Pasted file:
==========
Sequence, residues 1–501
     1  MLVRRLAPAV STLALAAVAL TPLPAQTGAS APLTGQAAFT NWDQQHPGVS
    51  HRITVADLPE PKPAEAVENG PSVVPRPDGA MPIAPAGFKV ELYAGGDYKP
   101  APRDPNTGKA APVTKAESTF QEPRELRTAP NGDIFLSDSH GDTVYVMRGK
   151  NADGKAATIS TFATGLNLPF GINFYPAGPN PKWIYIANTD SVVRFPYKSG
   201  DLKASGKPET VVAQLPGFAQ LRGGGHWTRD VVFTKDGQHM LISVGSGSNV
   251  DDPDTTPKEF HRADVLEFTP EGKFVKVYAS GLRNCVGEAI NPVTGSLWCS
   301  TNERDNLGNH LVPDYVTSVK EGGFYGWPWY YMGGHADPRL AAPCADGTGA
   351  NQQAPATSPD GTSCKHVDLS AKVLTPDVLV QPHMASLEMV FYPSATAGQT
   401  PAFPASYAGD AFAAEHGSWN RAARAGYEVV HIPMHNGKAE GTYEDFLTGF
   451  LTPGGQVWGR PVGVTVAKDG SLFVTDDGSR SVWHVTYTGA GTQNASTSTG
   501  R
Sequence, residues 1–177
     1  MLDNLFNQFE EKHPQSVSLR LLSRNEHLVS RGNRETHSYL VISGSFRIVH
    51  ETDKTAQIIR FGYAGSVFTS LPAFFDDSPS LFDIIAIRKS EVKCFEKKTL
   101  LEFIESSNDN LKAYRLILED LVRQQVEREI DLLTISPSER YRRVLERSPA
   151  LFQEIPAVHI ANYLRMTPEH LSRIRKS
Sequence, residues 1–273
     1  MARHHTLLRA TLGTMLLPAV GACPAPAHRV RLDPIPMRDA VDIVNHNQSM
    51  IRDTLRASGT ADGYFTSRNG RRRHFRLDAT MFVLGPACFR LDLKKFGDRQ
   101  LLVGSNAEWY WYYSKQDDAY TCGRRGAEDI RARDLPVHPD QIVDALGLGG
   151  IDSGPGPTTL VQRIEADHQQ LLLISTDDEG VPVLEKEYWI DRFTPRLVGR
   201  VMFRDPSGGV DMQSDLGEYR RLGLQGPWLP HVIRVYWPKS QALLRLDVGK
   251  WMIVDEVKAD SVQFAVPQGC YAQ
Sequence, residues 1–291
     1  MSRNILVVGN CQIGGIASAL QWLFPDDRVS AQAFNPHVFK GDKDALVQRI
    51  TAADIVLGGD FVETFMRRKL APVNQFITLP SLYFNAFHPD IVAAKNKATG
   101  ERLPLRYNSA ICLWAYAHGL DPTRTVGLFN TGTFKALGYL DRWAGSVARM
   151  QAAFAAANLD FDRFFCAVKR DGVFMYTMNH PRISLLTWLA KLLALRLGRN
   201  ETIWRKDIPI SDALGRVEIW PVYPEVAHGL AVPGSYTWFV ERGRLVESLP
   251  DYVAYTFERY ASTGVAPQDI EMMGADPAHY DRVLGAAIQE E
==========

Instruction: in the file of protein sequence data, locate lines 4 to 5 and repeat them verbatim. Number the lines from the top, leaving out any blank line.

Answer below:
   101  APRDPNTGKA APVTKAESTF QEPRELRTAP NGDIFLSDSH GDTVYVMRGK
   151  NADGKAATIS TFATGLNLPF GINFYPAGPN PKWIYIANTD SVVRFPYKSG